The evidence on behalf of plaintiff Norville, the tenant, was limited to his own testimony as to acreage and price of crops lost in 1951 because of water lying in several of the designated areas, and as to another area developing later in 1955.

At the end of defendant's evidence, defendant's counsel made an offer of proof as to the difference in the value of the Tankersley farm as a result of depressions overlying only the portion of the underground workings which were mined by Peabody. Plaintiff objected to this offer on the ground, among others, that it was contrary to the initial ruling of the court. The court accordingly excluded the proof. Thereafter the jury returned verdicts of $8,000 in favor of owner Tankersley and $1,200 in favor of tenant Norville.

Defendant filed a post-trial motion for judgment notwithstanding the verdict on the grounds, essentially, that the only evidence as to the damages suffered by plaintiffs was predicated on all the depressed areas and not just those over the area mined by the defendant; that the evidence supporting plaintiff Norville's claim furnished no adequate basis for any award; and that, therefore, there was no competent evidence to support the verdicts because there was no evidence as to damages which was limited solely to the liability of the defendant. The motion was denied by the court on the basis of its pretrial ruling, and the fact that the court thought that, otherwise, there was sufficient evidence to support the verdicts.

Defendant appealed from this ruling, but before the Appellate Court could act thereon, it had occasion to rule on the same basic issue in the separate case of Buis v. Peabody Coal Co. 41 Ill. App.2d 317. In Buis, the Appellate Court, deciding the issue for the first time in Illinois, held that a coal company which has purchased coal and mine workings of another unrelated company, without expressly assuming such liabilities, is not liable for subsidences or sinking of land areas due to the mining of its predecessor in title but is liable only for subsidences and the resultant damages due to its own mining operations.

In view of its decision in the Buis case, the Appellate Court herein held that the pretrial ruling as to the extent of liability was erroneous. In addition, the court held that the evidence as to damages was incompetent because based on all alleged subsidences and not just those attributable to Peabody; and that since the tenant would be limited to recovery in the same areas of damage as would the owner, the competent evidence as to crop damage was insufficient to sustain the verdict of $1,200 in favor of Norville. Therefore, the Appellate Court reversed the judgment of the lower court.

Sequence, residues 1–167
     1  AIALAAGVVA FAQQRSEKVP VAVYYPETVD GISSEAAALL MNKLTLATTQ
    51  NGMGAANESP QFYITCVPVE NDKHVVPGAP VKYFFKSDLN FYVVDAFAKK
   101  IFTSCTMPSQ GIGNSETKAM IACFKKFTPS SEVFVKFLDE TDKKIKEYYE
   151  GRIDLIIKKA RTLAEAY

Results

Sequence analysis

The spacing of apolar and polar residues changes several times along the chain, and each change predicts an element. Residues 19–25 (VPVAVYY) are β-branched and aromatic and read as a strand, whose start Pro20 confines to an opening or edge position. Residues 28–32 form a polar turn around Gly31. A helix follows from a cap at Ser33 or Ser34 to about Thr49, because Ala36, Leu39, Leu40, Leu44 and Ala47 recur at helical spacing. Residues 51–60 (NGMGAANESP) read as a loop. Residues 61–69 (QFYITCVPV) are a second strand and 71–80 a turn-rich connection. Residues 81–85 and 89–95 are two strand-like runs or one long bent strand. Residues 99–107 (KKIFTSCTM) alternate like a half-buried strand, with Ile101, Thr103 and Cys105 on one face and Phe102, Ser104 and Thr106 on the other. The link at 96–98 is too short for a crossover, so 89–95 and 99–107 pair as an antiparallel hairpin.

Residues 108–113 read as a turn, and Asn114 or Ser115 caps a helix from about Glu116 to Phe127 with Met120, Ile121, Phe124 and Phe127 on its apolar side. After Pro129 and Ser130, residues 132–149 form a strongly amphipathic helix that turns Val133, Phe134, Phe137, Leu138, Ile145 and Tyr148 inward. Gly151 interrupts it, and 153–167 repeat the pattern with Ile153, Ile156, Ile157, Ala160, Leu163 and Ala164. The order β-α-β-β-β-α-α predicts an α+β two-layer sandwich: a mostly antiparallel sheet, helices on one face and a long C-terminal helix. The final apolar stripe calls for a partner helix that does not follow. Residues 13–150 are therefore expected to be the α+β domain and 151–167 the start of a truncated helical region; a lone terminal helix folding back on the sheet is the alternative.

Plaintiffs first contend that the rule in regard to liability of successor coal companies for subsidences over areas mined only by predecessor coal companies, as enunciated in Buis v. Peabody, and followed by the Appellate Court herein, is erroneous because it is contrary to basic principles of real-property law. However, the plaintiffs cite no case which supports their theory in this case. As the Appellate Court said in Buis at p. 323: "With coal mining having been going on for hundreds of years, and in the State of Illinois for nearly a century, it is strange that there are no decisions as to the liability on one coal company that purchases the unmined coal from another coal mining company, for negligence on the part of the original mining company. Mining companies have flourished and died. No assets remain and there is nothing remaining except the old coal passageways under the ground. Another company owns whatever rights to mine coal the original company once had. As in this case, in many instances forty years or more have gone by since the last active mining operation. To hold that the purchaser of the assets of the original coal company is liable for subsidence of the surface occurring forty years thereafter, or even twenty years thereafter, would be to throw the door wide open for a multitude of suits for surface subsidence. In this case, we must hold that Peabody Coal Company is liable for its own negligence, but not liable for any negligence of the Stonington Coal Company."

There is, in fact, a dearth of case law in the United States on this question, but the Supreme Court of Pennsylvania, a State well known for coal mining, in Noonan v. Pardee, 200 Pa. 474, 50 A. 255, possibly the only prior pertinent case, held that a mine operator is not liable for injury to the surface through default of his predecessor. Moreover, an annotation in 139 A.L.R. at 1269-70 states that: "The question of the liability of one operating mines for subsidences of the surface due to excavations made by his predecessor in title has been considered in several cases with the result that the courts have refused to hold the operator ...